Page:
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Boston bombings and a Muslim identity crisis

The Tsarnaev brothers had a jumbled identity. I know, because I also had one as a Muslim immigrant to the United States. The challenge of the Boston bombings is for Muslim communities and law enforcement to help create a generation of Muslims with an American identity.

This combination of undated file photos shows Tamerlan Tsarnaev, left, and Dzhokhar Tsarnaev. Op-ed contributor Faheem Younus writes: A new generation 'would see no conflict between their pledge to the Quran and their Pledge of Allegiance.'

The Lowell Sun and Robin Young/AP/file

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We have seen the pictures of the Tsarnaev brothers. We know their names, and we are learning facts about their lives – one a boxer, and the other a student. But we still don’t really know their identity.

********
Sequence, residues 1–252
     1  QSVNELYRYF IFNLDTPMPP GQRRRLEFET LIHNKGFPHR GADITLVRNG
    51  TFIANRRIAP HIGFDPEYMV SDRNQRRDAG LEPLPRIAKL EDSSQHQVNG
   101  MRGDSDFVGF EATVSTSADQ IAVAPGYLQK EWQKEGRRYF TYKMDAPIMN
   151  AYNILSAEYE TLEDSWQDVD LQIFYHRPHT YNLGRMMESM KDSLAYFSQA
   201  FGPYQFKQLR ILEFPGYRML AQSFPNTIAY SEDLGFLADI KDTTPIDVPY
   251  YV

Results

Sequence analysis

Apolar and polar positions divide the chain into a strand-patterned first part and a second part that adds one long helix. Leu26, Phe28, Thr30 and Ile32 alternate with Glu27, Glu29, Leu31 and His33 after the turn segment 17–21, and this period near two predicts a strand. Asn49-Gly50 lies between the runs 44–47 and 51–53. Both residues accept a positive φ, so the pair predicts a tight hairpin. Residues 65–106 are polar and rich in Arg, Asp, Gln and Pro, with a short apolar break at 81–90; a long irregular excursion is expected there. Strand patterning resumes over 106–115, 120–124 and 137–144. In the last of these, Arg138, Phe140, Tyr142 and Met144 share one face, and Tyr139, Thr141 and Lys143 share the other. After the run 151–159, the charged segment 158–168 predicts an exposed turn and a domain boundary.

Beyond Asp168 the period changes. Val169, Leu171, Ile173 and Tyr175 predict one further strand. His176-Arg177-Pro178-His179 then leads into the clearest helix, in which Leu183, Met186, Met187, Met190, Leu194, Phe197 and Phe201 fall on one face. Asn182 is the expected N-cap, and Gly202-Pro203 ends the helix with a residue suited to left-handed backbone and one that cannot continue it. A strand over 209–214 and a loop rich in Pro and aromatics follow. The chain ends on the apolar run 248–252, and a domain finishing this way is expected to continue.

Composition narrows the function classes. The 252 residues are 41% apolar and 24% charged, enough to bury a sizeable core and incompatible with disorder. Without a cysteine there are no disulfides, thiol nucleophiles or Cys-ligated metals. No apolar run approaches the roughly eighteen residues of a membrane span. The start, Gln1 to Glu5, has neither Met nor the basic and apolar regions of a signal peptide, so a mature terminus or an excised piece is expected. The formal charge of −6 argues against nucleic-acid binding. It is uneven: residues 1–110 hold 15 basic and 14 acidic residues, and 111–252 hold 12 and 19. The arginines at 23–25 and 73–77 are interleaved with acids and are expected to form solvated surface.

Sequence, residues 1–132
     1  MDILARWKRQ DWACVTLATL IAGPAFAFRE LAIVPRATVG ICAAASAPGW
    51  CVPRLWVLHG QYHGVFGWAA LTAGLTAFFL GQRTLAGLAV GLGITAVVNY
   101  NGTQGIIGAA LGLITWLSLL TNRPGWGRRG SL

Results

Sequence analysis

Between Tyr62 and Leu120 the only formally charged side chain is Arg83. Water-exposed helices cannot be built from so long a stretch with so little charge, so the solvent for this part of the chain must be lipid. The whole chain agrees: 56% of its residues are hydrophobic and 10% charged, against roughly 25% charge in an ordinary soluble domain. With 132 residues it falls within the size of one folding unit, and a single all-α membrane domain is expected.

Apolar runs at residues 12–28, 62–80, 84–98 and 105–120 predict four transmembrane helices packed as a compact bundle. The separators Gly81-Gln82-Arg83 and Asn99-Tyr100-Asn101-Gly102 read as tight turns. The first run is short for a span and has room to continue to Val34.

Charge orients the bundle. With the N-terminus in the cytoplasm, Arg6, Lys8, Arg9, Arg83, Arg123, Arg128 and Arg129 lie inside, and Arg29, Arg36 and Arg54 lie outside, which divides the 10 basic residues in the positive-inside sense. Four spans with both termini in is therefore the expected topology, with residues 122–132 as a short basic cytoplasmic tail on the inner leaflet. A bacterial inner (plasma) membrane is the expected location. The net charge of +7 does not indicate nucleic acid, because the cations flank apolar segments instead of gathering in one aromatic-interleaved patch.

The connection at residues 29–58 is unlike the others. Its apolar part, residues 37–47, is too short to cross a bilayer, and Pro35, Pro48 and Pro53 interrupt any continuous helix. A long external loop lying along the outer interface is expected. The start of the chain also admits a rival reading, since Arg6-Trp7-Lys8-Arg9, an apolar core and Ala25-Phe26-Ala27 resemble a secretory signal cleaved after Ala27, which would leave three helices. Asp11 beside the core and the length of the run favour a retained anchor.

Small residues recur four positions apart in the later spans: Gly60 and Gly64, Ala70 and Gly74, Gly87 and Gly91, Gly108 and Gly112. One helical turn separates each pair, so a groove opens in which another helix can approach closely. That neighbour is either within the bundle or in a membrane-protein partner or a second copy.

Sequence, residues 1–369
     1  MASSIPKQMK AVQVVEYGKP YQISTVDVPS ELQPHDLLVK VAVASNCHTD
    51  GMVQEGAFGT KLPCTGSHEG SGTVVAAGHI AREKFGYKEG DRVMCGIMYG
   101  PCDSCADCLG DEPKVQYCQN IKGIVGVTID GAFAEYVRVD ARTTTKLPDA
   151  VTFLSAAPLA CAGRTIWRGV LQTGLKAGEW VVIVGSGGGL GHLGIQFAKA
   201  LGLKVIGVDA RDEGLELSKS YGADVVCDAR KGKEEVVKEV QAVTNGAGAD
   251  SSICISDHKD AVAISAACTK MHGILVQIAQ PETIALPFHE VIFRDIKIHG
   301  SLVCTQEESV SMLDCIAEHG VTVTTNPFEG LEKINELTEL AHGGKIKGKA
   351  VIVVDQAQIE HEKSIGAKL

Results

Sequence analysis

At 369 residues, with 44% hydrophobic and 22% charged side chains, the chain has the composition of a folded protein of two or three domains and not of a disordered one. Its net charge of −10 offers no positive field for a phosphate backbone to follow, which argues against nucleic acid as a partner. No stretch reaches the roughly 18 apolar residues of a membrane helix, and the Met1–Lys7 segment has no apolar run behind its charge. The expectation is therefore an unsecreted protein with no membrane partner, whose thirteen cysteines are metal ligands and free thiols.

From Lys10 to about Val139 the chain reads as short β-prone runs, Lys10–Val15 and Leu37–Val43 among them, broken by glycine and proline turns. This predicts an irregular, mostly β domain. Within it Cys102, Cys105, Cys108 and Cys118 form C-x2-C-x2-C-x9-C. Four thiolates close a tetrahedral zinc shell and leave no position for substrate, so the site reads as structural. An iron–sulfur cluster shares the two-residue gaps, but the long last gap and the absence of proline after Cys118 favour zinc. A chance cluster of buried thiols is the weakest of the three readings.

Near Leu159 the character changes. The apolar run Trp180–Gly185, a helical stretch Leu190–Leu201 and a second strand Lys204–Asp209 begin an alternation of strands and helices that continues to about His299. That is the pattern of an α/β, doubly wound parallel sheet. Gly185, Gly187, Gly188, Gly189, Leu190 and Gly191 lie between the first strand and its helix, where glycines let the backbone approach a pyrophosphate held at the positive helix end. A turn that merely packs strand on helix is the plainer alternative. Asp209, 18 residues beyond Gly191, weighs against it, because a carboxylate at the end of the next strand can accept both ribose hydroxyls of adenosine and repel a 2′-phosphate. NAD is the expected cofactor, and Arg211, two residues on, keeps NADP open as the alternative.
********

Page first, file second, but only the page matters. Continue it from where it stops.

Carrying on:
And neither did the brothers, as they allegedly planted those bombs at the finish line of the Boston Marathon last week.  

Or at least, that’s what my experience as an immigrant tells me. What the Tsarnaev brothers very likely had was a jumbled-up mass of conflicted identities, making them vulnerable to militant religious ideology. You can wait for the FBI to release their complete psychological profiles to believe that they had a conflicted identity, but I won’t.

Because I had one.

Almost two decades ago, I, too, landed in America with components of a conflicted identity. Let’s see. Where should I start? Immigrant? Check. Muslim? Check. Young male? Check. Anti-war? Check. Socially isolated? Check.

But there was a key difference: I was taught from childhood that jihad in these times means a personal struggle, not a holy war. I belong to an organized and educated worldwide Muslim community that professes, “Love for all. Hatred for none.”

The Tsarnaev brothers didn’t appear to belong anywhere. Born with Chechen roots, raised in Kyrgyzstan, Dagestan, and for the last decade in America, they wavered between various worlds.


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